MP HC | “The goals enshrined under Art. 51A(e) and (f) are part of our vibrant Constitution and not dead letters”; HC rejects bail application of Comedian Munawar Faruqui

Madhya Pradesh High Court: Rohit Arya, J., in a controversial case regarding the use of insulting and unparliamentary language during the show, rejected the bail application of Comedian Munawar Faruqui and organizers of the show. The Court reiterated Articles 51A (e) and (f) of the Constitution,

“It is the constitutional duty of every citizen of the country and also of the States to promote harmony and the spirit of common brotherhood amongst all the people of India irrespective of religious, linguistic, regional or sectional diversities and to value and preserve the rich heritage of our composite culture”

 On 01-01-20201, a stand-up comedy show was organized at Munro Café. The complainant, who was a custodian of Hindu Protection Congregation (Sanghatan); had alleged that in the show, the comedians were deliberately cutting filthy and indecent jokes on Hindu Gods and Goddesses and BJP National President, Amit Shah. As a result, the comedians had hurt and outraged religious sentiments of the complainant. An FIR was filed for the offences punishable under Sections 295A, 298, 269 and 188/34 IPC and the applicant was kept in custody since 01-01-2021. The applicant had sought for bail before the Court of Magistrate and the Sessions Judge respectively but both the applications had been rejected.

Counsel for the applicant, Vivek Tankha argued that cutting of jokes on political leaders would not attract any offence, in view of Article 19(1) (a) of the Constitution, as it enshrines freedom of speech and expression. It was contended that the applicants were artists who cut jokes for laughter and entertainment of the general public and they had no intention to hurt religious feelings of any person of the society. The counsel, while contending so relied on Mahendra Singh Dhoni v. Yerraguntla Shyamsundar, (2017) 7 SCC 760, wherein, it had been held that every act of insult to religion offered unwittingly or carelessly or without any deliberate or malicious intention to outrage the religious feelings of that class will not fall in the domain of section 295A IPC.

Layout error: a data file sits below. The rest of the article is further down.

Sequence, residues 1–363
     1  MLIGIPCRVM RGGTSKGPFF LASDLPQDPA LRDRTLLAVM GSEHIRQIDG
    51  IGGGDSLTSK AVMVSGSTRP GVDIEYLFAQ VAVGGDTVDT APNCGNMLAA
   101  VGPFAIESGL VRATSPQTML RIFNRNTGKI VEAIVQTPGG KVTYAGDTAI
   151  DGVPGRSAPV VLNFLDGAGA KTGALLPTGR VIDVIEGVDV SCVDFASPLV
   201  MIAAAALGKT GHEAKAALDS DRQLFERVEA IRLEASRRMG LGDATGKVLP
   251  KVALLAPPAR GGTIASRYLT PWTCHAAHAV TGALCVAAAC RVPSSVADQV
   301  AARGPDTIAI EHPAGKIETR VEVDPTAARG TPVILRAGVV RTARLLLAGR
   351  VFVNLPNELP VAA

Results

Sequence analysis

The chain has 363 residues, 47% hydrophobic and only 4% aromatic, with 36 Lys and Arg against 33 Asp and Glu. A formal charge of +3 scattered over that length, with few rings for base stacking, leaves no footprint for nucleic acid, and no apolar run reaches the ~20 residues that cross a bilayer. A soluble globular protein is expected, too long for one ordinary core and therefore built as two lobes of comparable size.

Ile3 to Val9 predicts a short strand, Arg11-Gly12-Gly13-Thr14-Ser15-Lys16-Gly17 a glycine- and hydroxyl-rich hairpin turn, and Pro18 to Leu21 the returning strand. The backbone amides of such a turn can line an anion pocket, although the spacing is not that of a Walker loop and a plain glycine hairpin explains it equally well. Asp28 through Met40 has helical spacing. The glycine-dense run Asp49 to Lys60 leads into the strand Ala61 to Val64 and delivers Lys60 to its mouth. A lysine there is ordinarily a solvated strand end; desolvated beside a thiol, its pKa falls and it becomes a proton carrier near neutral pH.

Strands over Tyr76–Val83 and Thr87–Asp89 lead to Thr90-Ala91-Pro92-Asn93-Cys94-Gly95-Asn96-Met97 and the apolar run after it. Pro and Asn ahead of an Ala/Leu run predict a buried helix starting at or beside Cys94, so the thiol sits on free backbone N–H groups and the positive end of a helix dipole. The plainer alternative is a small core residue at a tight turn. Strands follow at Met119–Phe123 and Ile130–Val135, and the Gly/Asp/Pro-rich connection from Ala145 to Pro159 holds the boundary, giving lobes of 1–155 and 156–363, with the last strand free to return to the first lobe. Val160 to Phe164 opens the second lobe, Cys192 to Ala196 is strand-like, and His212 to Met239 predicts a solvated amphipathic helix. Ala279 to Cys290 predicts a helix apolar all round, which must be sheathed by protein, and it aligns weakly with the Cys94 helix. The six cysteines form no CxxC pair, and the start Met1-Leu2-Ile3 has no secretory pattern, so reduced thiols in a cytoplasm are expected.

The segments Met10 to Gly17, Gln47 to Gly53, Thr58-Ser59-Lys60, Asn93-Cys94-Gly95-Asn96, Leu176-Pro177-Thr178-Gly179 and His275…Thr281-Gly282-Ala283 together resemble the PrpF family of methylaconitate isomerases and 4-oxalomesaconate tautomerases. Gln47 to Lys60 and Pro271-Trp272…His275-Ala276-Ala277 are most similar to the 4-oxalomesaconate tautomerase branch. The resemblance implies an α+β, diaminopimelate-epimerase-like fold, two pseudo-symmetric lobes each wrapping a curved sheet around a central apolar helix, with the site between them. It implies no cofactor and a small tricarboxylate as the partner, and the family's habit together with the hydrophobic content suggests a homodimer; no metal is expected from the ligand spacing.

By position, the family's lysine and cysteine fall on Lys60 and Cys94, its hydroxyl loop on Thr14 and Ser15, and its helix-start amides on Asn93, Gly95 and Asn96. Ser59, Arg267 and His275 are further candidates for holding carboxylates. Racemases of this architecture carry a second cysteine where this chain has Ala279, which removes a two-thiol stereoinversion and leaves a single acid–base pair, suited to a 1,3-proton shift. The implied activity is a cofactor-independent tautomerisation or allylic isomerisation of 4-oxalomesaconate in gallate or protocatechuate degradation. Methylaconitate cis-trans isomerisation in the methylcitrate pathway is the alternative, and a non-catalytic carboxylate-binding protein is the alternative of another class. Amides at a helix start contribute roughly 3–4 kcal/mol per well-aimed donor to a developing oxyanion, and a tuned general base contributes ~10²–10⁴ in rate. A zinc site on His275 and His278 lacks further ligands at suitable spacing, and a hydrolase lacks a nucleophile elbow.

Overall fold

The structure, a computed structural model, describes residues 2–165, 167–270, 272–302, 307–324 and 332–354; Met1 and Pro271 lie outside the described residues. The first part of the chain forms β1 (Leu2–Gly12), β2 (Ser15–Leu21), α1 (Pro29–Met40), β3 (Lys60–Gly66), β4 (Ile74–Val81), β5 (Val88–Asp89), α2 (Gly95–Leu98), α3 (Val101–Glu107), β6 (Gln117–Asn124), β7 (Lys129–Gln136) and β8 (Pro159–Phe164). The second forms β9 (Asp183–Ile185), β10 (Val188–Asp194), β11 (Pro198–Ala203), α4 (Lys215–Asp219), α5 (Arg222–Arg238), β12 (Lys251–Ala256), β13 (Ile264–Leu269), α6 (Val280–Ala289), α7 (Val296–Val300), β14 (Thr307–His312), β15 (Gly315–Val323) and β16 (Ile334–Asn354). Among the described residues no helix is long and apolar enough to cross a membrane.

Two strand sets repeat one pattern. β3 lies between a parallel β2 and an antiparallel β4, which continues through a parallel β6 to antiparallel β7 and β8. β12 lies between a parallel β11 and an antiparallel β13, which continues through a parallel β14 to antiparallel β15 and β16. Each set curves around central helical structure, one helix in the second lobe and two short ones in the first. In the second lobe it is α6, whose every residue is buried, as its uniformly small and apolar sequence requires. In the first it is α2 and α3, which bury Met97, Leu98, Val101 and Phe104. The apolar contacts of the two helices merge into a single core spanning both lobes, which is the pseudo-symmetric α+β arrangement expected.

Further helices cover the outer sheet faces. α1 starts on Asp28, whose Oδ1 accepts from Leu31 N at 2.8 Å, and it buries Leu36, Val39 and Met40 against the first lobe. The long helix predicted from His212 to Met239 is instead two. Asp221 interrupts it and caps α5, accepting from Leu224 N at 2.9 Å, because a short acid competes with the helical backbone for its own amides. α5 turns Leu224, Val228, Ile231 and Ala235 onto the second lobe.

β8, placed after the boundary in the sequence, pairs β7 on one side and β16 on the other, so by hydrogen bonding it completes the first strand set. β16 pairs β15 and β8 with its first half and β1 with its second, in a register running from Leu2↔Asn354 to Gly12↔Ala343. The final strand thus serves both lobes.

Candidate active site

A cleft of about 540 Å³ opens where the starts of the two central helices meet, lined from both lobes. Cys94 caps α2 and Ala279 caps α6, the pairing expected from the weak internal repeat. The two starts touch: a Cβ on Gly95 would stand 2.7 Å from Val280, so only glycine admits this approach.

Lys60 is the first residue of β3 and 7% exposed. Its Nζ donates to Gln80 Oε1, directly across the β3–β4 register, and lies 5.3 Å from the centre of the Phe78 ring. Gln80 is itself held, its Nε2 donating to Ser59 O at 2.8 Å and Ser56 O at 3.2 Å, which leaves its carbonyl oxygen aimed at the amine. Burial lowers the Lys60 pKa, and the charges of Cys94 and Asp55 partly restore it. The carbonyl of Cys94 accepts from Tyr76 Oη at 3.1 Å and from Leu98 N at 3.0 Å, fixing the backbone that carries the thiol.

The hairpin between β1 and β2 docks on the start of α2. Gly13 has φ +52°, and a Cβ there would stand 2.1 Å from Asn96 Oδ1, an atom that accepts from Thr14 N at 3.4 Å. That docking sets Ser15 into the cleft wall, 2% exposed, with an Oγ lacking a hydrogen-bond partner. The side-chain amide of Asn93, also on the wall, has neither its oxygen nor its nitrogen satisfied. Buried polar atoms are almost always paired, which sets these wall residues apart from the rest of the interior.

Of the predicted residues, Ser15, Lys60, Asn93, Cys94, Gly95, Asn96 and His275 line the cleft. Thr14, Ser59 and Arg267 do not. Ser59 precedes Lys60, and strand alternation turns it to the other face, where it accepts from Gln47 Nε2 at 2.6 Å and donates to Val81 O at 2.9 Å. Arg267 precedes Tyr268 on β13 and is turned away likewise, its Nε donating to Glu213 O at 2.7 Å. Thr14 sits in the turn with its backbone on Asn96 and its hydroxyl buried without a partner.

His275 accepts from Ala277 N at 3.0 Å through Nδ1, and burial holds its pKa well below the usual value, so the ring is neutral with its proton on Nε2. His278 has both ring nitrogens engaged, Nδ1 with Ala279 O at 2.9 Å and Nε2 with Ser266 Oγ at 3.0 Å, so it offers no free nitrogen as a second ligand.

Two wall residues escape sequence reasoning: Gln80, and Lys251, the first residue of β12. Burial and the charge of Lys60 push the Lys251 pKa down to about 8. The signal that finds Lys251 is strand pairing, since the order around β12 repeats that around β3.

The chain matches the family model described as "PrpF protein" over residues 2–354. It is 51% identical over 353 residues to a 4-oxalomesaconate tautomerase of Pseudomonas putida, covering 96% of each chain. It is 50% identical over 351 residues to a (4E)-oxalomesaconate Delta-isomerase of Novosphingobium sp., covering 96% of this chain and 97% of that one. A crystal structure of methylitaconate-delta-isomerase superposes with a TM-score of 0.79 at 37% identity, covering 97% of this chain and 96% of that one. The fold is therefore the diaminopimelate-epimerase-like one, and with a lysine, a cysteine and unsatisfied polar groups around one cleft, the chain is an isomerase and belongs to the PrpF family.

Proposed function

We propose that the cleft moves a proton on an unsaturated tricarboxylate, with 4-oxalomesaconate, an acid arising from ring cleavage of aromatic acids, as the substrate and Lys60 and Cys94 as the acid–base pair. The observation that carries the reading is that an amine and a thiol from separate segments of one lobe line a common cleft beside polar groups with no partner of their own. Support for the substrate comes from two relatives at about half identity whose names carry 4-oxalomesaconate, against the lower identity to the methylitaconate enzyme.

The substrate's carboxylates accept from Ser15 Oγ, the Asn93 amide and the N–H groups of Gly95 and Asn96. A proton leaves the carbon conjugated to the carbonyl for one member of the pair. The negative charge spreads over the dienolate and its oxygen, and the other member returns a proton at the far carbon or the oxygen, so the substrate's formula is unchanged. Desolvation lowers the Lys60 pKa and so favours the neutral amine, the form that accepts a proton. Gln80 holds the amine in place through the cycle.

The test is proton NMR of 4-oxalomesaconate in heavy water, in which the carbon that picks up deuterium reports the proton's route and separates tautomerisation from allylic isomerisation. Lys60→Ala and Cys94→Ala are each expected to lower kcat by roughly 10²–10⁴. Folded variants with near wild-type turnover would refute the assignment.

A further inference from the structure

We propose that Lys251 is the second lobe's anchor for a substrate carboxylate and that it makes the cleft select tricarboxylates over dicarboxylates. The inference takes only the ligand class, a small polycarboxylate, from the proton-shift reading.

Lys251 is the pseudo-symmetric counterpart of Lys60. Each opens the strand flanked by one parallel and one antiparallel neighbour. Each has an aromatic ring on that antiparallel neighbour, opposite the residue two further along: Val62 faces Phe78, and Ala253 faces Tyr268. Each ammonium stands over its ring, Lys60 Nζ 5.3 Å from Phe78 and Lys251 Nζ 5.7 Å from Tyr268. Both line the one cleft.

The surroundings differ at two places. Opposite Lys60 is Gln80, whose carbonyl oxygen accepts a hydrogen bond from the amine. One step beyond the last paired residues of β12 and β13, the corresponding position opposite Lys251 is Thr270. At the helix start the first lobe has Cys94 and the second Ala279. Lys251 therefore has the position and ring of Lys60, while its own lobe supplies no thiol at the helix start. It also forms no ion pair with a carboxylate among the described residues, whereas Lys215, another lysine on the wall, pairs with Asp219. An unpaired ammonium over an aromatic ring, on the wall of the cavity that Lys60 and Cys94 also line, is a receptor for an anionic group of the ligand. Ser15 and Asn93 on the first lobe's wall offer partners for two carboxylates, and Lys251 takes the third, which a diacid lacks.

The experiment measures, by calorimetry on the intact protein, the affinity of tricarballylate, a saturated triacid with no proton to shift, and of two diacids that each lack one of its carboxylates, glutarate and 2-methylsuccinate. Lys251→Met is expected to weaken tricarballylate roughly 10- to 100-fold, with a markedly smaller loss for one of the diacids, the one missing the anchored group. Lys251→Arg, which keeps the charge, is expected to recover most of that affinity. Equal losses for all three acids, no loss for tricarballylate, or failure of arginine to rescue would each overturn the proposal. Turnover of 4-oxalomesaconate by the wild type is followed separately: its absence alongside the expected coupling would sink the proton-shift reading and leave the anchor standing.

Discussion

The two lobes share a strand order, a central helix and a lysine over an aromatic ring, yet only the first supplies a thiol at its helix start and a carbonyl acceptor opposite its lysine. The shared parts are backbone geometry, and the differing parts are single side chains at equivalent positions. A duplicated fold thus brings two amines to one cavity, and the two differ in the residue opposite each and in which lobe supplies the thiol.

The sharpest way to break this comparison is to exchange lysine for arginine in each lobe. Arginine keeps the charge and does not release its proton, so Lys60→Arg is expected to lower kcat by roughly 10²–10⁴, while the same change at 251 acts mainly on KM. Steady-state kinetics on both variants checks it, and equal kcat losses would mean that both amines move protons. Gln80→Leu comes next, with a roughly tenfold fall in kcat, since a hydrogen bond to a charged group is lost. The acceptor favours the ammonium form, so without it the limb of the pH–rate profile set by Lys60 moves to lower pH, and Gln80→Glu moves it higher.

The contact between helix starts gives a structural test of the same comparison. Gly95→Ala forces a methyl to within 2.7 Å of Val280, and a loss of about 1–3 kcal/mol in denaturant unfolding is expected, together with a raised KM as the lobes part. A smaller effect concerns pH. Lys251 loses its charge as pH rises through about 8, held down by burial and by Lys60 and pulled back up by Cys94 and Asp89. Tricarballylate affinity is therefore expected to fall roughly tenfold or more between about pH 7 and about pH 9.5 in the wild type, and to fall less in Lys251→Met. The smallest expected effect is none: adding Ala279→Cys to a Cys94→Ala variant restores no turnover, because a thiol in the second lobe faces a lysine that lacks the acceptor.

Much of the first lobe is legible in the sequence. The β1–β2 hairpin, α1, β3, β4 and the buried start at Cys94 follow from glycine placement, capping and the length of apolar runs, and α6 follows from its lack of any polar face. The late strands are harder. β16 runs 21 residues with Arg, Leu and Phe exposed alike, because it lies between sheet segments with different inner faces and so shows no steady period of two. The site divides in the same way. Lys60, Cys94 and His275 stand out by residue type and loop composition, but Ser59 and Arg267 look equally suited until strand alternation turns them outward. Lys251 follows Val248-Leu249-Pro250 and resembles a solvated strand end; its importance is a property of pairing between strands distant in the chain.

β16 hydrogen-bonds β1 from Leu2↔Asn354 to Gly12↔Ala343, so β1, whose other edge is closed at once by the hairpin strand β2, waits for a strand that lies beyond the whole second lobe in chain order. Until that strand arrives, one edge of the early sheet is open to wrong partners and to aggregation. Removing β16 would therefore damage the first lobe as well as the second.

The complainant alleged that the applicant and his associates had been actively involved in deliberately making nefarious, filthy and indecent jokes against the Hindu Gods, Lord Maryada Purshottam Ram and Mata Seeta. It was further alleged that the applicant along with co-accused had been regularly making such nefarious jokes on social media for the last 18 months, despite protest on various social media platforms.

The Bench, after observing collected material and evidence, held that the applicant had prima facie; made scurrilous, disparaging utterances, outraging religious feelings of a class of citizens of India with deliberate intendment in an organized public show under the garb of stand-up comedy at a public place on commercial lines.

The Court, while expressing, “our country is a beautiful country and sets an example of co-existence amid diversities; be it religion, language, culture, geographical locations etc, to the world at large”, stated that complacency of the applicant could not be ruled out. Further, noticing that a similar nature of offence had been registered against the applicant at Police Station Georgetown, Prayagraj, State of Uttar Pradesh, the Bench rejected the bail application of the applicant. [Munnawar Faruqui v. State of Madhya Pradesh, 2021 SCC OnLine MP 152, decided on 28-01-2021]


Kamini Sharma, Editorial Assistant has put this story together

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